A drawing of a line man following a brain shaped path to an open door

What I’ve learned from living with superficial siderosis

How to score in life, when your brain doesn’t want to play ball

Our volunteer Pauline is one of the 11 million peole affected by a neurological condition in the UK. She shares her experiences of living with the condition superficial siderosis below.

Most of us are taught from an early age that our brain is something special. The hub of our bodies, the driving force of each breath, decision and movement we make.

For most, even myself in the past, the brain is something we don’t have to consider and we take for granted that it will provide the means to excel at each aspect of our daily lives.

But what if your brain sends the wrong signals? Or worse, doesn’t send them at all? One in six people in the UK live with a neurological condition, (neural.org.uk). This equates to roughly 11 million people who are unable to take daily activities for granted, 11 million people who have to find new ways of living their lives.

I am one of those people and I know only too well the affects a neurological condition can have. I have felt isolated, hopeless and lonely. I have felt anger, frustration and a sense of injustice. But over the years I have made peace with my conditions and I would like to share my experiences with you.

Cultivating a positive mindset

Sunflowers at sunset

It is far too easy to let negative thoughts take over when things aren’t working out.

I started losing my hearing rapidly in my early twenties, I left my postgraduate course due to discrimination and I lost my job due to lack of workplace adjustments.

As my hearing declined so did my balance and coordination, that coupled with ataxia made getting about a challenge. I was embarrassed and felt I couldn’t fit in, I withdrew myself from my friends and family. I was verging on depression, I felt cheated, alone and angry about the things I could no longer do.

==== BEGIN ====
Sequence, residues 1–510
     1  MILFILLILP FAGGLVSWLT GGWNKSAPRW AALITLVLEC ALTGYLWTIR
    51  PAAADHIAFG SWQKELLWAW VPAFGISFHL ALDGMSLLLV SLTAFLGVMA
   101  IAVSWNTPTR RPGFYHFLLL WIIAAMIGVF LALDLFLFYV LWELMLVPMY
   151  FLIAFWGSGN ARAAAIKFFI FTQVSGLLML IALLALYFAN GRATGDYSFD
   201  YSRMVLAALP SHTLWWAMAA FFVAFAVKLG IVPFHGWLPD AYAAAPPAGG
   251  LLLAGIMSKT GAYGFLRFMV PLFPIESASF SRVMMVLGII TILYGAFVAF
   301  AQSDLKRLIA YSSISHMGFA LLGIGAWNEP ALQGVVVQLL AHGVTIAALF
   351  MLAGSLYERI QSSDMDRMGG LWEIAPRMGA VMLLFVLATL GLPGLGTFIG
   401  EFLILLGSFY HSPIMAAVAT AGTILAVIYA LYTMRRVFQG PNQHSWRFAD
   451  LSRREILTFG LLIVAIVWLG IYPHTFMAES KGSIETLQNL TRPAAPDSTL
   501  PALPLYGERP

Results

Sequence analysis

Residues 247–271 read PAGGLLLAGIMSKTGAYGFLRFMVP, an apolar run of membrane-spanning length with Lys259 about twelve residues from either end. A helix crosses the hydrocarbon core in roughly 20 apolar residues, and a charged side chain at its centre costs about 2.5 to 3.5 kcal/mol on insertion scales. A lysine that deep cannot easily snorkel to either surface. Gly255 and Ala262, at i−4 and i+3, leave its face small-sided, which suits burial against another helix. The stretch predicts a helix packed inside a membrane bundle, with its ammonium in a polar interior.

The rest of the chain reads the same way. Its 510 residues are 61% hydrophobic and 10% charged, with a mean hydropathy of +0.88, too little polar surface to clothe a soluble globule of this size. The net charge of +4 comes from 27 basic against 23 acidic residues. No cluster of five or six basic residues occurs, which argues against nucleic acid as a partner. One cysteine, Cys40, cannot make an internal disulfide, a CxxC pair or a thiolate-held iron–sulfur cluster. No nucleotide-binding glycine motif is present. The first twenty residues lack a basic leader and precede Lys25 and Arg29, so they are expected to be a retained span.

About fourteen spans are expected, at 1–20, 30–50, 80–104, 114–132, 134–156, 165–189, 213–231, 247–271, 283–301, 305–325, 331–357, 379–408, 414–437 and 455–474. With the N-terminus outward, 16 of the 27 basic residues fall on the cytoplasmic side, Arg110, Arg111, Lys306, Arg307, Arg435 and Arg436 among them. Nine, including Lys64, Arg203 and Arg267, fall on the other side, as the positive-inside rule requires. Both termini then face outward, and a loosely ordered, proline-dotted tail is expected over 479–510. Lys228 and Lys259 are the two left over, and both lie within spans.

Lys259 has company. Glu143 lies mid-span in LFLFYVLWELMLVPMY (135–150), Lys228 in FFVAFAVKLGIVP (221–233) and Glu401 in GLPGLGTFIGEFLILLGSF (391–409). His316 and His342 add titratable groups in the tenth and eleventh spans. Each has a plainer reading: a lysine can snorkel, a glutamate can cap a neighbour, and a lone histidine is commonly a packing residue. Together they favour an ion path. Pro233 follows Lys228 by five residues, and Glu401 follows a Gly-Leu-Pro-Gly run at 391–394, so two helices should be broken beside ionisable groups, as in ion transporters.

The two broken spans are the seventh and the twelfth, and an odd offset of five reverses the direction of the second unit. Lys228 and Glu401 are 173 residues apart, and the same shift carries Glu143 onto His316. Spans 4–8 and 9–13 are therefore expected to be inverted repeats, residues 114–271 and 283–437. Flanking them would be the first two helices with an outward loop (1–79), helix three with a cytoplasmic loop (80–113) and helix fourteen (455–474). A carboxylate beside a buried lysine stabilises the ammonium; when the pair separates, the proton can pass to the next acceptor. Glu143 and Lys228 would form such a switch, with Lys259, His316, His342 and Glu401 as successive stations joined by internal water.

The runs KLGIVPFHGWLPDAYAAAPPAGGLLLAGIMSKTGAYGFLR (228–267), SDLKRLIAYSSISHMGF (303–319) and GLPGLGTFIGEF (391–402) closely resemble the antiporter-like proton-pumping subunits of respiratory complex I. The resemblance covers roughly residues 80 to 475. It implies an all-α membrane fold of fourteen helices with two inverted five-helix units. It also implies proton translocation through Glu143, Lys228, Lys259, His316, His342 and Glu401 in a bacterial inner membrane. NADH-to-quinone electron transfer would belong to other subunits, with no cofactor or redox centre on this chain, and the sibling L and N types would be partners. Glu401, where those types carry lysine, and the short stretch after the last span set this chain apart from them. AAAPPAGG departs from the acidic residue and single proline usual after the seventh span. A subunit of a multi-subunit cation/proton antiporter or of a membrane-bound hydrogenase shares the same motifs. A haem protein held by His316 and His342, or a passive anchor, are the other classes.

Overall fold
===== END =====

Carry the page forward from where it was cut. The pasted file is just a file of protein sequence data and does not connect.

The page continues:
As time went on, and after doing a lot of reading, I came to realise that I was grieving. Grieving the loss of things that were so very important to me, those things that I would never have again.

This, for me, was the first part of changing my negative thoughts. I allowed myself to be sad and angry, I allowed myself to exclude myself from others – this was the start of my healing process.

As I spent more time with my own thoughts, I reminded myself of things that I could still do. I pushed myself to explore those things. I’ve taken courses and I’ve pursued hobbies, proving to myself that despite the challenges, I am still useful and I have talent, just like anyone else.

Knowledge is power

I began researching my health conditions, arming myself with the information that medical jargon would not allow me to understand. With increased understanding, came the power to work with my conditions.

For example, I now know that ataxia causes an extreme exhaustion that worsens throughout the day. I now set my alarm early to get all the important things done, so when the fatigue sets in, I can still feel accomplished.

A man and woman looking at a tablet screen

I have also learnt that exercise can improve my symptoms, so I try to ensure I do some form of exercise daily. It doesn’t matter how small, as long as I feel I’m doing something positive in managing my conditions, I am a much happier person.

You are not alone

As I researched further, I became aware of the abundance of support networks that are out there. I joined groups on social media and read blogs from those in similar circumstances.

For me, being able to offer support to others has been a great healer. The saying, ‘there is always someone worse off than yourself’, now rings in my head whenever I feel frustration or I’m having a bad day, it really does help.

Give yourself grace

The final point that I find helps immensely, is to not be too hard on yourself.

I’m 38 with 2 young children. I used to beat myself up that I can’t run around the park like ‘other mothers’, or have conversations whilst walking to school. But that’s ok, I’m not ‘other mothers’, I’m me and I walk a unique path in life. If you find something hard or uncomfortable – don’t do it.

Find alternatives that make you smile. For me, I sit on the grass and play ball with my girls, or I time them around an obstacle course. We adapt and we still have fun.

Everyone is different and will find their own ways of dealing with their condition, but I hope someone will read this and be inspired. If my experiences can help just one person, then my journey has been a positive one.

We’re all in this together.

Categories: Advice, Guest blogs, Neurodiversity

Published: 18 January 2024